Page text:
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Trump will return to Florida Saturday for SpaceX launch after weather delay

Air Force 1, with President Donald Trump onboard, flies over the Demo-2 SpaceX Falcon 9 rocket and Crew Dragon capsule before a planned launch on May 27, 2020.
Air Force 1, with President Donald Trump onboard, flies over the Demo-2 SpaceX Falcon 9 rocket and Crew Dragon capsule before a planned launch on May 27, 2020.
(Image: © NASA TV)

Editor's note: This story was updated at 6:25 p.m. EDT on May 27.

SpaceX's epic astronaut launch will draw President Donald Trump back to Florida's Space Coast this weekend.

The president arrived at NASA's Kennedy Space Center (KSC) in Florida on Friday (May 27), in the leadup to the planned 4:33 p.m. EDT (2033 GMT) liftoff of SpaceX's Demo-2 test mission to the International Space Station. Vice President Mike Pence was also on hand.

Bad weather foiled Friday's launch attempt, but the president said he plans to return for the next available opportunity, which comes on Saturday (May 30) at 3:22 p.m. EDT (1922 GMT).

"Thank you to @NASA and @SpaceX for their hard work and leadership. Look forward to being back with you on Saturday!" Trump tweeted on Friday afternoon.

Related: How SpaceX's Crew Dragon Demo-2 mission will work in 13 steps

As Trump's presence shows, Demo-2 is a big deal. The mission is not only SpaceX's first-ever crewed launch but also the first orbital human spaceflight to depart from the United States since NASA retired its space shuttle fleet in 2011.

Ever since then, NASA has relied on Russian Soyuz spacecraft to ferry its astronauts to and from the ISS. NASA didn't want this dependence to last so long; in 2010, the agency began awarding contracts to help private companies develop crewed orbital vehicles, with the aim that at least one such craft would be up and running by 2015.

In 2014, SpaceX and Boeing emerged as the winners of this competition, scoring multibillion-dollar contracts to finish work on their spacecraft — capsules known as Crew Dragon and CST-100 Starliner, respectively — and fly six operational crewed missions to and from the orbiting lab.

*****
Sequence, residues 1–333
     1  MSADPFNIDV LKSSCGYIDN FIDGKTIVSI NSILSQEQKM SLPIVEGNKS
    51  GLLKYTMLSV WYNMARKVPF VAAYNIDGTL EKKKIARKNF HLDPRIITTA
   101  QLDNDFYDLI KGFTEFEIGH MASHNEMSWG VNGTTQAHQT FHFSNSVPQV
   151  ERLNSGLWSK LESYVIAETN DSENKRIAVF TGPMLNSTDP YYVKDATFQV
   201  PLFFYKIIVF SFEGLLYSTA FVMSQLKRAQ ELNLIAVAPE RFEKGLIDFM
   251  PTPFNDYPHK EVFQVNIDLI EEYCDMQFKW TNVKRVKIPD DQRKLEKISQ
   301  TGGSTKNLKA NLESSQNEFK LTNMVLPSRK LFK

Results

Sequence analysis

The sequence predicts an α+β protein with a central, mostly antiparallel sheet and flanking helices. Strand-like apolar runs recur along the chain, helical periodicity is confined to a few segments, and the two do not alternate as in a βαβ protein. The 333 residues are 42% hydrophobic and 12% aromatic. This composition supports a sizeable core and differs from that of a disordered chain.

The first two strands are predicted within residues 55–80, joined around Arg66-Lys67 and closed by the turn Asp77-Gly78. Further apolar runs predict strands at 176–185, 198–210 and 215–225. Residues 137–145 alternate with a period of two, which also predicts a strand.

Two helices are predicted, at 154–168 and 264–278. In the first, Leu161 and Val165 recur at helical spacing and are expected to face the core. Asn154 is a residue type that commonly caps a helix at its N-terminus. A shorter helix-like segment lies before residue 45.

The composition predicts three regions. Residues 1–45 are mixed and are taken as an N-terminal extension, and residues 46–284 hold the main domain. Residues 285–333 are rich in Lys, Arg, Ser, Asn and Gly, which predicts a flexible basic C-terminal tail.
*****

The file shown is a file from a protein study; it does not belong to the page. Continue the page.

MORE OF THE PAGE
SpaceX can begin those contracted flights after Demo-2, which will carry NASA astronauts Bob Behnken and Doug Hurley, is in the books. Boeing has more work to do; Starliner will refly an uncrewed test mission to the ISS before taking astronauts onboard. (SpaceX aced that latter milestone with its Demo-1 flight in March 2019. Starliner suffered problems during its first go this past December and ended up landing without meeting up with the orbiting lab.)

President Trump and his wife, Melania, were busy at KSC Friday before Demo-2's planned launch. The couple took several tours of KSC facilities, according to the president's public schedule, and got an up-close look at Orion, the capsule that NASA astronauts will ride toward the moon and other deep-space destinations. 

Trump also said a few words shortly before the planned liftoff, during a news conference that also featured SpaceX founder and CEO Elon Musk, NASA Administrator Jim Bridenstine and U.S. Vice President Mike Pence.

"I just want to say, this is a very exciting day for our country," Trump said, according to the White House transcript of the event. "We won't say congratulations, because we have a long way to go, but it looks — it looks magnificent."

If the launch doesn't happen Saturday, the next opportunity comes on Sunday afternoon (May 31).

Visit Space.com for complete coverage of SpaceX's Crew Dragon Demo-2 flight. 

Mike Wall is the author of "Out There" (Grand Central Publishing, 2018; illustrated by Karl Tate), a book about the search for alien life. Follow him on Twitter @michaeldwall. Follow us on Twitter @Spacedotcom or Facebook

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  • troch
    Time to check the date - replace all mentions of Friday in this article with WEDNESDAY!! Sheesh!
    Reply